The leading think-tank for the North of England has issued an “urgent wakeup call” today, as it publishes research showing that the opportunity to live a good life is becoming increasingly unattainable for too many people in the North of England.
In its annual health-check of the economy of the North of England, the IPPR North report shows that the UK entered a global pandemic with deep, growing divides between and within our regions caused by decades of centralisation and 10 years of austerity, and that Covid-19 makes the challenge of reducing our regional inequalities even greater- and more urgent- than before:
The North is experiencing levels of unemployment not seen since 1994- in October, 657,900 people claimed unemployment-related benefits in the North. This problem is especially concentrated in Northern cities and coastal towns with Blackpool, Middlesbrough and Hull, which are currently under tier 3 restrictions, among the worst affected.
There are fewer job opportunities in the North compared to the rest of England- the number of jobs per working-age person is lower in the North (0.7 jobs per person) than the English average (0.74 jobs per person).
Work isn’t working for too many people in the North and median wages are lower than England as a whole-5 million Northern workers are paid less than the real living wage.
Gender and ethnicity pay gaps are wider in the North than elsewhere in the UK- in fact, 40 percent of women who work in the North are paid less than the real living wage.
Rates of child poverty are higher in the North than across England – even before the pandemic, our analysis shows that around 1 in 3 Northern children lived in poverty. This is about 5 per cent higher than the rate for the rest of England excluding London- this gap has opened up within the last decade.
Healthy life expectancy is below the English average in the majority of Northern areas and has even fallen in some places- over the past decade, about one-third of local authority areas in the North saw a fall in healthy life expectancy for men and just under 60 per cent saw a fall for women.
Too few people in the North have qualifications at NVQ level 4 (equivalent to a BTEC professional award or certificate of higher education) or above – just 37 per cent of the working age population in the North, compared with 45 per cent across England.
In fact,2 per cent of the working age population in the North have no qualifications at all. This impacts earnings and productivity in the region.
Researchers say that these findings must act as a “wake up call” to government to deliver on its promise to ‘level up’ by putting real power and resource into the North- which has the potential, local understanding, agility and determination to ‘power up’, ‘level up’ and ‘rise up’ for itself.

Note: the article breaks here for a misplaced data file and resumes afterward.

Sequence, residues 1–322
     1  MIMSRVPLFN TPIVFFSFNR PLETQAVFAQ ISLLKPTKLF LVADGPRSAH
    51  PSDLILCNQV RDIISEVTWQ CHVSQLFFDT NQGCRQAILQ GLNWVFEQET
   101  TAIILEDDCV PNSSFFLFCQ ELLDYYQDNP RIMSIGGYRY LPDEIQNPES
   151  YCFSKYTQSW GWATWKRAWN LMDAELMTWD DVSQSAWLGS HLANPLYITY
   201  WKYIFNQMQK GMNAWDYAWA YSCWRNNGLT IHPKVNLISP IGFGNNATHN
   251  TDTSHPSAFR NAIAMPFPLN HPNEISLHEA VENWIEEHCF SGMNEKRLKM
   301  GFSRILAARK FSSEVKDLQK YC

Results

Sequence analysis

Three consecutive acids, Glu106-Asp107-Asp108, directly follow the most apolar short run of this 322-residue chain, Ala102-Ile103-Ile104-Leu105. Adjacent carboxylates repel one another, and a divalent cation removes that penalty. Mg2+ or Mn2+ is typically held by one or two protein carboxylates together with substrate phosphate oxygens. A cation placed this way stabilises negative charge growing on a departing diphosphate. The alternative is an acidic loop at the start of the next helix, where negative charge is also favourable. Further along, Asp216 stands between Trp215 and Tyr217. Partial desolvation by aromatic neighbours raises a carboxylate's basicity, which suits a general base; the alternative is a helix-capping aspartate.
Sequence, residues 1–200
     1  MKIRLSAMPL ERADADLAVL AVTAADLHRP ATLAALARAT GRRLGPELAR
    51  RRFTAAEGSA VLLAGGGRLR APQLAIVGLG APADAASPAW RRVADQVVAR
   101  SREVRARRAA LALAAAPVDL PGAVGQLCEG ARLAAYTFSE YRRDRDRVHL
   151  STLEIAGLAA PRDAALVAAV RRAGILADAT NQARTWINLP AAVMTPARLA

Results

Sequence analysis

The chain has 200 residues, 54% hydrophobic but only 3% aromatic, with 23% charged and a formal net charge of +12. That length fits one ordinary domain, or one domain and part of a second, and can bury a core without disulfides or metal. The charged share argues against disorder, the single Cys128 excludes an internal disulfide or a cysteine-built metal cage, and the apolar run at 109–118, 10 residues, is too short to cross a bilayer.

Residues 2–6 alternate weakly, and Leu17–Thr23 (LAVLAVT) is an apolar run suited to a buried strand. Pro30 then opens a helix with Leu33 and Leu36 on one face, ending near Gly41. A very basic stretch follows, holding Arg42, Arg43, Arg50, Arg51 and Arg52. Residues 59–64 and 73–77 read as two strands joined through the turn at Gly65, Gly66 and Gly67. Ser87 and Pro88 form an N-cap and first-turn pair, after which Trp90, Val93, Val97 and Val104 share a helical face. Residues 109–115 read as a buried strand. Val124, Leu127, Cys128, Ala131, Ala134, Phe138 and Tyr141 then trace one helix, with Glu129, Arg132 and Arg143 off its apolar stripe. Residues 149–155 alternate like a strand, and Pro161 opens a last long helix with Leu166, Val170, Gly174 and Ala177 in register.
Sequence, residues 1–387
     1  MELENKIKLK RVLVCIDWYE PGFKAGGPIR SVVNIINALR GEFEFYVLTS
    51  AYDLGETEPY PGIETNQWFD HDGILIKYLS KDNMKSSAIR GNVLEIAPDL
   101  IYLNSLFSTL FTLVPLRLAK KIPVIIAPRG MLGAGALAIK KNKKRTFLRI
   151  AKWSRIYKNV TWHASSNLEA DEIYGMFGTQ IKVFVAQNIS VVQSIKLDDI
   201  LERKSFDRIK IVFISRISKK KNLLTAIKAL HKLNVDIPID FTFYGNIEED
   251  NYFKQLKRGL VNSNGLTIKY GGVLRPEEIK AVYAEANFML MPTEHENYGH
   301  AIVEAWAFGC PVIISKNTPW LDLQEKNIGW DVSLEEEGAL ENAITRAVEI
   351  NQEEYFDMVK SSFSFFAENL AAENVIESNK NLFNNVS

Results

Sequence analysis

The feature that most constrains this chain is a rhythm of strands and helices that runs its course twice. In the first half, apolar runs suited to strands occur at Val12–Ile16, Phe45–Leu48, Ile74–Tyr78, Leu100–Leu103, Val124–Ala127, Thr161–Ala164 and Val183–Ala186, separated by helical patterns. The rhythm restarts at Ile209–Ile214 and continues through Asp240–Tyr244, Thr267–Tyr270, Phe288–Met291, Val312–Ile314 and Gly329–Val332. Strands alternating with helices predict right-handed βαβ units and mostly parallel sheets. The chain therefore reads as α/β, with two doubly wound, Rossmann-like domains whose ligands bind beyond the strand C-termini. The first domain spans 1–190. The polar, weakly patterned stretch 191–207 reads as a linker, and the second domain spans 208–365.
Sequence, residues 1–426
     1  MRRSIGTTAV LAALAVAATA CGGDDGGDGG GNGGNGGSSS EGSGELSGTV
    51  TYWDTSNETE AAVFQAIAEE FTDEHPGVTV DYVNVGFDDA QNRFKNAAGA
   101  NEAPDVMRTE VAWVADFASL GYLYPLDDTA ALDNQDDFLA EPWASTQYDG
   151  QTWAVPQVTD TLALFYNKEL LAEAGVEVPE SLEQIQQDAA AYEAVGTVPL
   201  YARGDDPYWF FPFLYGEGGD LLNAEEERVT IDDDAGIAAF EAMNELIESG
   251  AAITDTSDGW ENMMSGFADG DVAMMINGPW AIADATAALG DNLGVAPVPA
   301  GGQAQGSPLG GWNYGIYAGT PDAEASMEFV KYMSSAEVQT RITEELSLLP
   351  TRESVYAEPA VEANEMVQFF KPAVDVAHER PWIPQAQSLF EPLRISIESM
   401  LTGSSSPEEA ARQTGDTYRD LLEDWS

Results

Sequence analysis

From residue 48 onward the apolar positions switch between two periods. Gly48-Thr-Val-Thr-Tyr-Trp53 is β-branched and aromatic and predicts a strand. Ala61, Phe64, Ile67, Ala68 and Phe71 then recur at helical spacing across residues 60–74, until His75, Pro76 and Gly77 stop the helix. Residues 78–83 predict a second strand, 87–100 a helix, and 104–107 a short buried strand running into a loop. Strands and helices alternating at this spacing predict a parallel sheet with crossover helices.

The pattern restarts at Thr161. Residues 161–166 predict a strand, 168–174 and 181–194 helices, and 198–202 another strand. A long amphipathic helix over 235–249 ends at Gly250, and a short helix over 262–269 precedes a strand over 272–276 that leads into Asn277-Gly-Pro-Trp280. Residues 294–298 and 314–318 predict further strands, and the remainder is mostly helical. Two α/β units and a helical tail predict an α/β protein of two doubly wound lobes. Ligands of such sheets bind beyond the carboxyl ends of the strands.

Today’s report sets out a set of key tests to measure the progress of any initiative to ‘level up’ England.
A fairer North where there is a productive, low carbon economy that raises living standards for all.
Better work, health, and pay with Decent work and wages for people in the North which keep pace with the cost of living, and healthier, longer lives.
A jobs-led recover with Low unemployment, greater access to employment opportunities, and a reduction in child poverty and an empowered North with Better democratic participation, representation, and trust in local and national decision-making.
Director of IPPR North, Sarah Longlands said:
“The government was elected on a promise to ‘level up’ places like the North. But one year on, they don’t have a plan to reduce inequalities between and within regions in England, and the inadequate, centrally controlled, competitive ‘levelling up fund’ announced in the spending review simply won’t cut it.
”Our regional divides are severe and growing, we face a climate emergency, and Brexit is just around the corner, so a recovery from Covid-19 that simply restores the status-quo- which has failed so many Northerners- would be unacceptable. We need to challenge old, reductive assumptions about our economy because they’ve failed to create the conditions for a good life for everyone in the North. In particular, we have to stop assuming that the centre knows best and commit once and for all to a clear programme of regional devolution in England. We cannot afford to repeat the mistakes of the past.
“If we are to build a better future, we need to focus on people, asking ‘who benefits?’ from policy decisions. From our research we can see that many people, particularly those in work and children, are not benefitting from them. Here in the North we can and will power up, level up, rise up together- but every moment that we don’t have the power and resources we need to do this, peoples’ lives are affected. This is a wake-up call. Is the Government listening?”